10 Oct 2010
Technicolour Radamisto at ENO
Handel’s Radamisto came to the ENO at the Coliseum in glorious technicolour.
The BBC Proms 2014 season began with Sir Edward Elgars The Kingdom (1903-6). It was a good start to the season,which commemorates the start of the First World War. From that perspective Sir Andrew Davis's The Kingdom moved me deeply.
One is unlikely to come across a cast of Figaro principals much better than this today, and the virtues of this performance indeed proved to be primarily vocal.
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Manon Lescaut at the Royal Opera House, London, brings out the humanity which lies beneath Puccini's music. The composer was drawn to what we'd now called "outsiders. In Manon Lescaut, Puccini describes his anti-heroine with unsentimental honesty. His lush harmonies describe the way she abandons herself to luxury, but he doesn't lose sight of the moral toughness at the heart of Abbé Prévost's story, Manon is sensual but, like her brother, fatally obssessed with material things. Only when she has lost everything else does she find true values through love..
Handel’s Radamisto came to the ENO at the Coliseum in glorious technicolour.
Images of Asia proliferate polygamously — Mughal India, Tokugawa Japan, and Chinese restaurant chic, tumbled randomly together. The text, of course, mentions Armenia. Visual indigestion, if you’re culturally aware. But to Handel and his audiences, specifics didn’t matter. Radamisto is a morality tale which transcends time and place.
Tiridate (Ryan McKinny) lusts for Zenobia (Christine Rice) who’s happily married to Radamisto (Lawrence Zazza). To win her he’ll drop his wife Polissena (Sophie Bevan) and usurp Farasmane’s kingdom (Henry Waddington). But Zenobia’s having nothing of it. She’d rather die than be unfaithful. Subplots and complications (they’re all family, for example) are decorative embellishments. The basic message is surprisingly simple: love overcomes all.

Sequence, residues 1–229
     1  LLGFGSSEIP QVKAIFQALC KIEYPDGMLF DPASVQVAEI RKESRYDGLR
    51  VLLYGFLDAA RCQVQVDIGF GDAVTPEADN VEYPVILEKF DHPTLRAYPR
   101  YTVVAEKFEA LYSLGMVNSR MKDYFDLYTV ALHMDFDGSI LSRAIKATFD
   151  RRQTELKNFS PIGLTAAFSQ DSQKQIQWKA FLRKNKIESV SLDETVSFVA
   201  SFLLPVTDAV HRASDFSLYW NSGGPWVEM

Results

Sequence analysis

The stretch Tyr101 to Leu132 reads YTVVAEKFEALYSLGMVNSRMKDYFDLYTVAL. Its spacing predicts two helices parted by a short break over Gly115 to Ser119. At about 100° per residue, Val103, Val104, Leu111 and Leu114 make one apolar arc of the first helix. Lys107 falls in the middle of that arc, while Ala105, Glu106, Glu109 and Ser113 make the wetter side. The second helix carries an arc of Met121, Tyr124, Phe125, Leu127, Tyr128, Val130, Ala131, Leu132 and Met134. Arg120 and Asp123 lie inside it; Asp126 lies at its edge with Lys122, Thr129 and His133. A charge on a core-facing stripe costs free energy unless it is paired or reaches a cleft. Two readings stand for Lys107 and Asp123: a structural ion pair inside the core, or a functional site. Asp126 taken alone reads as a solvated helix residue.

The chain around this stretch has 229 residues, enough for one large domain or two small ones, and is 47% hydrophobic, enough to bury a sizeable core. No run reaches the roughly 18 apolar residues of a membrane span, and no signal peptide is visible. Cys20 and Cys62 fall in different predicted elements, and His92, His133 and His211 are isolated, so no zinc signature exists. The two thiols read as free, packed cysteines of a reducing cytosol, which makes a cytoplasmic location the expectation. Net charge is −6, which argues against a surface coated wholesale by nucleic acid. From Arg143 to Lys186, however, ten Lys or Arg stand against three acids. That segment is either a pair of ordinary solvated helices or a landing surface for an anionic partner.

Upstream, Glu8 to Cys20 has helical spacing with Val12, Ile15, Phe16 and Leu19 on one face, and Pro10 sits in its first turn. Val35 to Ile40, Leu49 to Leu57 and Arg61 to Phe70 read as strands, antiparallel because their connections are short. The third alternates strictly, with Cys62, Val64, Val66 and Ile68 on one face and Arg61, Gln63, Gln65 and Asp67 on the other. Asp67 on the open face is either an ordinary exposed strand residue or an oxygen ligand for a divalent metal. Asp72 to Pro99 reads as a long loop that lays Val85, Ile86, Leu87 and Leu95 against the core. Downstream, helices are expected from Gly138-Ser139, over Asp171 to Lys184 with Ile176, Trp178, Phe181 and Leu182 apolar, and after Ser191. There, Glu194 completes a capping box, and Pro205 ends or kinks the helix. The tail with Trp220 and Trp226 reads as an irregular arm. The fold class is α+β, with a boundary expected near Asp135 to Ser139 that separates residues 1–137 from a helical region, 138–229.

This fundamental chastity pervades the whole opera. Structurally, it’s very tight. In neat succession, set piece arias follow one another, allowing each singer to display his or her vocal virtuosity.Simplicity of form, allowing inventive elaboration without blurring the basic line. Much like the set designs. Despite being floridly over the top, these designs are much more minimal than appear at first.
Christine Rice as Zenobia and Lawrence Zazzo as Radamisto
Lawrence Zazzo’s Radamisto is superb. His tessitura isn’t forced but flows well, carefully modulated and well-judged, important in a role which stresses integrity. The extended rhapsody on honour is particularly striking, decorations extending each word, yet flowing naturally, without affectation. You marvel at the inventiveness, but also meditate on meaning. Honour does matter, Radamisto keeps saying as he and Zenobia amply demonstrate. These aren’t just “words”, dwelling on them serves a moral as well as artistic purpose.
The contrast between Radamisto and Tiridate is enhanced counterbalancing Zazzo’s countertenor with Ryan McKinny’s bass-baritone. In baroque, low voices often signify villains, but McKinny doesn’t overdo the inherent power in his voice. Instead he relies on subtle expression, using agile legato. In any case, refinement enhances the role. Tiridate holds a sword poised to kill Radamisto, but the long, lyrical elaboration deflects the menace, Reality, in Handel, is deeper than it seems on the surface.
Christine Rice is exquisitely dignified and gracious. In Carmen, she seemed inhibited, and even as Ariadne in Birtwistle’s The Minotaur she didn’t access the kinkier aspects of the role. As Zenobia, however, she’s ideal. Her patrician reserve perfectly fits the role, so she can create Zenobia’s compelling beauty with her voice. Sophie Bevan’s Polissena and Henry Waddington’s Farasmane impressed too. Ailish Tynan’s Tigrane reached notes higher than might be expected.
Scene from Radamisto
So what was my biggest misgiving about this production? David Alden depicts Tigrane as a grotesque, a camp cross between Sidney Greenstreet and King Farouk, but for no conceivable purpose. Is he trying to inject comic humour? Perhaps it works in a grubby sort of way but it jars with the noble import of this opera. The whole point, for Handel, was to edify. The idea of morality trouncing tyranny was inherently racy in a time when absolute monarchy still held sway. Besides, Tigrane is arguably a hero since it’s he who selflessly resolves matters. This portrayal is misogynistic and homophobic, completely pointless. Admittedly it was part of the 2008 Santa Fe premiere but it’s still deeply offensive and should be dropped.
What Alden lacks in sensitivity, Laurence Cummings made up for with the orchestra, who played with brio under his direction.